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The Droughtmaster is a tropical breed of beef cattle developed in North Queensland by several cattlemen from crossing Brahman and British breed cattle, principally the Beef Shorthorn during the early 1900s.
The breed was conceived in response to the need in the Australian Tropics for a breed of cattle which had good tick resistance and would be able to use the environment and the pastures in the most efficient manner to give higher weight gains and fertility.
After many years of crossbreeding and meticulous selection for:
- calving ease
- good meat quality
- parasite resistance
- heat tolerance
- ability to adapt to the environment
- high fertility
The Droughtmaster breed emerged. Other British breeds — mainly Hereford — have since been used in its development to arrive at a fixed tropical breed of approximately 50% Bos indicus and 50% Bos taurus genetics. Droughtmasters are medium to large with good walking and foraging abilities coupled with lower nutritional requirements to give them the ability to retain condition and keep breeding, irrespective of the prevailing conditions. Their short coat is generally red in colour, although variations from golden honey to dark red can occur. The red pigmentation in Droughtmasters helps protect the cattle from cancer eye, sunburnt udders and photosensitisation. The cattle may be polled or horned, but the vast majority are polled and exhibit only a moderate hump. They have medium to large ears and an extended dewlap.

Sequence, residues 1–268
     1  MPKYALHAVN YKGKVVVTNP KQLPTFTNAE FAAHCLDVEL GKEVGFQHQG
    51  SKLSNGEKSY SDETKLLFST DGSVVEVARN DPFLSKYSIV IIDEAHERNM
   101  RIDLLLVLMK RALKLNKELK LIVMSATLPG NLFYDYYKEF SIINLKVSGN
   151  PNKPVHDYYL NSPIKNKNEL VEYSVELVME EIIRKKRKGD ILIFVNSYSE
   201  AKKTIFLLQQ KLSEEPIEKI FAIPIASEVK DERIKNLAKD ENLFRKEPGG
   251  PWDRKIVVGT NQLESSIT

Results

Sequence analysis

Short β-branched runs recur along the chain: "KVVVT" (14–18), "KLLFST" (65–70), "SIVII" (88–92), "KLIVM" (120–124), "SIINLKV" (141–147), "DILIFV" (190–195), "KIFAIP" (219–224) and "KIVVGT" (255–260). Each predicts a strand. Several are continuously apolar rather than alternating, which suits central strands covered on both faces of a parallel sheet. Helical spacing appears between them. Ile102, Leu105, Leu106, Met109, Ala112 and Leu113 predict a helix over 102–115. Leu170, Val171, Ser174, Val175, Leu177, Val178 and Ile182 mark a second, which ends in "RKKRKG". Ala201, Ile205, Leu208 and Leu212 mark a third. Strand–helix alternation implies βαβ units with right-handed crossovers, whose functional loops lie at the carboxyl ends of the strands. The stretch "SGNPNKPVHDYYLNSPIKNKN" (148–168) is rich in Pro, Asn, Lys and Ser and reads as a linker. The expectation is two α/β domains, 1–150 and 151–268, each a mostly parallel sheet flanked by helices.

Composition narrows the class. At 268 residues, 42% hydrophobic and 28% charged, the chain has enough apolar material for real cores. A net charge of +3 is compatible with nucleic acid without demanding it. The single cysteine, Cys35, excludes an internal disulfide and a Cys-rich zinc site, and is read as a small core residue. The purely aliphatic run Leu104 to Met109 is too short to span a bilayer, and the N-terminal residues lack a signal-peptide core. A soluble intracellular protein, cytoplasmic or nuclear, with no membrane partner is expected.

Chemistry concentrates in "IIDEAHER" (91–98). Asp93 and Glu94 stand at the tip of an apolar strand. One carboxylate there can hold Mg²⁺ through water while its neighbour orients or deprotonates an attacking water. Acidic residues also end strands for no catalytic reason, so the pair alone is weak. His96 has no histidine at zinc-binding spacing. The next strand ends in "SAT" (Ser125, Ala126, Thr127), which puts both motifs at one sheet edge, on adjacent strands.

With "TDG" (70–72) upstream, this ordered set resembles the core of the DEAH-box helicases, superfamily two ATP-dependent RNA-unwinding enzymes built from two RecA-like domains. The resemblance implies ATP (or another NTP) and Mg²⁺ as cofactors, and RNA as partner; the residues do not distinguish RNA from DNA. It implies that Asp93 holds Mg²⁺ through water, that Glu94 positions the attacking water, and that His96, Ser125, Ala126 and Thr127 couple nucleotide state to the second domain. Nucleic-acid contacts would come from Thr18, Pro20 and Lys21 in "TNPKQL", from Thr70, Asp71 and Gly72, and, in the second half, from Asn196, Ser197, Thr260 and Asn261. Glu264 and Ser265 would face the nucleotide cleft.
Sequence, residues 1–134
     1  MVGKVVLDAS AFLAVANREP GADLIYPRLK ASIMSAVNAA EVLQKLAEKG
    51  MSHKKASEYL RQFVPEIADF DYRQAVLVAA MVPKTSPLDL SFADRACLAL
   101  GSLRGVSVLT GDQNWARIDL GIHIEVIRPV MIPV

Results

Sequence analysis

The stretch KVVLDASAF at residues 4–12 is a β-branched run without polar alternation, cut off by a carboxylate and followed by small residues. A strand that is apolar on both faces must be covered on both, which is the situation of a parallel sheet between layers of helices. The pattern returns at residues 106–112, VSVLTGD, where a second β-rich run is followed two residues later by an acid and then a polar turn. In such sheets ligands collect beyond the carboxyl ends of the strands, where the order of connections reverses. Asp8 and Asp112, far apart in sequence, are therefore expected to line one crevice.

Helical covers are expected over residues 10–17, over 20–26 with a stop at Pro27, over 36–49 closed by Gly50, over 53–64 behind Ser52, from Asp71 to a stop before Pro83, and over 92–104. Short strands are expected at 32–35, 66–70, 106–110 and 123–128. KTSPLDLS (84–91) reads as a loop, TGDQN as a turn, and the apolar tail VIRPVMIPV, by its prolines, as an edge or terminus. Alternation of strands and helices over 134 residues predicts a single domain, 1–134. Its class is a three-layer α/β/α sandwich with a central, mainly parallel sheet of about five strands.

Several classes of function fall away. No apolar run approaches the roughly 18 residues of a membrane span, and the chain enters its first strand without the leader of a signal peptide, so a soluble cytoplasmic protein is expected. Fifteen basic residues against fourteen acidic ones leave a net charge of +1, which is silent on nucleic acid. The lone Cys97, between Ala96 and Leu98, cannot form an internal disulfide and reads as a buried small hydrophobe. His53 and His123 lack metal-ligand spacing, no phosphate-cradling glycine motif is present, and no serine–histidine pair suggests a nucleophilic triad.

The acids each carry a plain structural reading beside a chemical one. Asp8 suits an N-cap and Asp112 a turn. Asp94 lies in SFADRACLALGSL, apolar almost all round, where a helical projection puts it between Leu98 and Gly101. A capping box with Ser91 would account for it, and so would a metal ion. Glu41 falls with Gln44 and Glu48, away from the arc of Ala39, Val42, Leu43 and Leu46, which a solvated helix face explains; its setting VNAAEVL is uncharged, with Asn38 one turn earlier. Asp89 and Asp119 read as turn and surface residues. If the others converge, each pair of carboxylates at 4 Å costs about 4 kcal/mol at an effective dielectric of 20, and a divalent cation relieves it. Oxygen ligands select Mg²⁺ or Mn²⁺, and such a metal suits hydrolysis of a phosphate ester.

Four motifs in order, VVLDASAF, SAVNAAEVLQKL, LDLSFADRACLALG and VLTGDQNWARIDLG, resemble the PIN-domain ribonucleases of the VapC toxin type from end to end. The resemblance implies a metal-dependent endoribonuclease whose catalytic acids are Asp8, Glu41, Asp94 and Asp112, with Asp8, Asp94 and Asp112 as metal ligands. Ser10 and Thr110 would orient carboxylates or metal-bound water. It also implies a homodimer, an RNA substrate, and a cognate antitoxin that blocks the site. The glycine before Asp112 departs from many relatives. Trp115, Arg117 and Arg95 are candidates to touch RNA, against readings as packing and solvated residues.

In pasture and feedlot trials these cattle have shown good average daily weight gains when compared to other breeds. Large commercial Droughtmaster herds are running on native pastures in both Queensland and the Northern Territory and they are rapidly gaining prominence in the traditional "British-bred" areas in southern Australia.
- Stephens, M (et al.), Handbook of Australian Livestock, Australian Meat & Livestock Export Corporation, 2000 (4th ed), ISBN 1-74036-216-0